I trained under a super team in Mervyn Moore and Danny Crowley and i had a great mentor in Noel Quinn to set me straight when i thought i'd never get it. I later got to swing for Merv and it was a real honor to live up to the bar they set when i started.

The way we worked things was the boom ran the set i.e. the day to day stuff. (Its a slightly controversial policy but as a swinger i dont read the script. I only deal with the sides. I trust the mixer is on top of the big issues down the road and i deal with the day in front of us.)

The mixer stayed on the desk, the boom is our contact and the comms run one way. if merv says he wants it a certain way it happens. The advantage boom running the set correctly is he makes the calls and he comes with the clout to back it up. The mixer never had to get bogged down with pissy focus pullers or bored C - cams. If anything got seriously up in arms having the mixer weigh in meant shit got serious and it usually ended most arguments.

I think the original list of this thread was excellent and reminded me that i should do up a list of duties for my 3rds at the start of a job.

as difficult as the constant questions can be from your 3rd i think we could all help ourselves by helping them. A good list of starting duties like this tread is great.

one of the best things i learnt as a third is to see things coming and how to save yourself before it becomes a problem. it definitely takes time and a thick skin but never forget that your boom op and your mixer will always have your back. We all had to learn someway and every good sound team know that their third is the hardest working guy on the team. We have a rule that on a job the 3rd never buys his or her drinks. You get paid a rubbish amount for what you do and we always appreciate you coming in every day and giving it 100%

A couple of things you can do to help yourself:

- no.1 rule: keep your ear on. if you cant hear the set in your ear you should be worrying, it may be too late.

- get a role of 1 inch white camera tape and 2 inch black tap and put it on your hip at all times. you'll need it.

- Get a utility belt, have 2 spare versions of each of the batteries your crew uses (radios comms etc), a pen, a sharpie, i'm not a multitool fan so i'll say a box cutter knife, a screwdriver, a miniture screwdriver and anything else you think you'll need. these usually grow or become more streamlined as you get to know the gigs and your crew better but those are a good start.

- make sure you have a strong hip torch too and always do an idiot check at the end of the day. if you leave something behind half way up a mountain, its gonna be a long walk back. try to align things the same way everytime so it becomes habit. 9 wks in at 4am that'll save you.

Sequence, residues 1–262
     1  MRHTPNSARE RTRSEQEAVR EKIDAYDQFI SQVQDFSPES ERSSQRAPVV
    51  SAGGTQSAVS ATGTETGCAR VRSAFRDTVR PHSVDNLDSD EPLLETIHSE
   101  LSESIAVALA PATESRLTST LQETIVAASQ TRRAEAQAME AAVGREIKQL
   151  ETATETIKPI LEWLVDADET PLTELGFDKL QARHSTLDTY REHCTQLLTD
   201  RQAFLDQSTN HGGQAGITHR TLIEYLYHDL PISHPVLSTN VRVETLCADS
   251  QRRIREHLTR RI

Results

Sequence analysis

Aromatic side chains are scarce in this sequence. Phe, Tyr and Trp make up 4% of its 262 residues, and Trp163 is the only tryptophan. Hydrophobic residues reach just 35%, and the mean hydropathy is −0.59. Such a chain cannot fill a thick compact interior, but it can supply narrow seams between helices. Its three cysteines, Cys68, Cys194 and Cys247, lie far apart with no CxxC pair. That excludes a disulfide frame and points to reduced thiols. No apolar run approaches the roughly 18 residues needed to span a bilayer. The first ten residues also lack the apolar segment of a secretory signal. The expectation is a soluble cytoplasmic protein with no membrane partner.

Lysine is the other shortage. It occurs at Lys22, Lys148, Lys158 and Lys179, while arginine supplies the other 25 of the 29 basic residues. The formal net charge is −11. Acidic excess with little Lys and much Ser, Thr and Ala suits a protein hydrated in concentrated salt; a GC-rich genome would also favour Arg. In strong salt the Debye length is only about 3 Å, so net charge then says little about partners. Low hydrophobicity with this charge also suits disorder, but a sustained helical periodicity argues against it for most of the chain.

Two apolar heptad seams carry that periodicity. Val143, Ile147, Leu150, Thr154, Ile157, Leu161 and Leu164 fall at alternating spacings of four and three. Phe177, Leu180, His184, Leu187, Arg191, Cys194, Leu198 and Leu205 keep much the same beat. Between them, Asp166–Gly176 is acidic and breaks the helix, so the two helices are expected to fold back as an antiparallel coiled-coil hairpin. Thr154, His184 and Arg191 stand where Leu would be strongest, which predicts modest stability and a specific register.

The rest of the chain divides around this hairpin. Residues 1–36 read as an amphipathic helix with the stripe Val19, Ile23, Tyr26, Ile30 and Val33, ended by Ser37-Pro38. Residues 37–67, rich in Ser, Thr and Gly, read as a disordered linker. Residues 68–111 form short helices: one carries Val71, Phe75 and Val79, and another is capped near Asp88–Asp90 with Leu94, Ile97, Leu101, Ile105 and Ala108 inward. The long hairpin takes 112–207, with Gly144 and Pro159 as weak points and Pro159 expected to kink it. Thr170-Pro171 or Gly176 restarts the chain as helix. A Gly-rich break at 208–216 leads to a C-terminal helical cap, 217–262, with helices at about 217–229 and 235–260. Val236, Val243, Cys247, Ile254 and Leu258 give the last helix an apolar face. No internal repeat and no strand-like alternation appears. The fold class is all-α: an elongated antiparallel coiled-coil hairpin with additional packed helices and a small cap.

- make your first duty to get sides for your crew, mark them for mixer boom and yourself and get a spare in your back pocket. your boom op will lose his, an actor will demand one in rehearsal, the director even the recordist will somehow lose his, making yourself useful is very handy.

- read the sides and know them, as the 1st is the booms go to guy, get to know the 1st's right hand guy. information will set you free.

- get sleep and hydrate. your brain functions on both and the more brain power you use the more you'll save on humping gear and running things in last minute.

- no crew wants you to be wasteful but if you put 2 half charged batteries in a Radio just to save a buck no one will thank you. why risk it, always go in fully charged and prepped

- always be at the tech rehearsal. your boom op will be in there earlier making a plan and you may be part of it. As a rule i'll explain my thinking to my 3rd at the end of tech rehearsal and then we go together to the mixer so he or she gets to see how we come to decisions. the sooner you can start thinking about the scene the sooner you'll know we'll need carpet there, or a pads for those cups, or whatever the scene calls for. Thats when you know youre getting it.

- a great way to start booming is to do off lines. if you're on your game and stay eager your boom op will throw you in on these. you may not even be in the mix because you're right beside camera but if you do it well you'll get trusted with on lines. dont drop or hang up the boom even if your part is done. a boom shadow from a boom pointing up in the air is a bad day coming your way. keep your back elbow up and enjoy living on the edge.

- the more responsibility you can take on your own shoulders and do well the more you'll be trusted with the good stuff. As mick said earlier, the recordist is the boss and i always try to make sure they worry more about their waistlines and getting us the next gig not the day to day problems, if you help me achieve that your the first call i make.

Enjoy being a 3rd, its amazing training and there's no better feeling than when you've nailed a massive wk, you've been swinging on lines in big scenes with your boom op, your gears all clean and charging, and you're not buying the pints.

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I just wanted I thank everyone who posted in this thread.. I've learned a great deal from reading and I really look forward to 3rding ASAP! I just joined local 487 so I'm hoping to get some utility work this year. I boomed for a great mixer/boom op in Baltimore, Lorenzo Millan, for about a week or so and learned more than I could ever imagine! I look forward to completing all the tasks listed above, and more!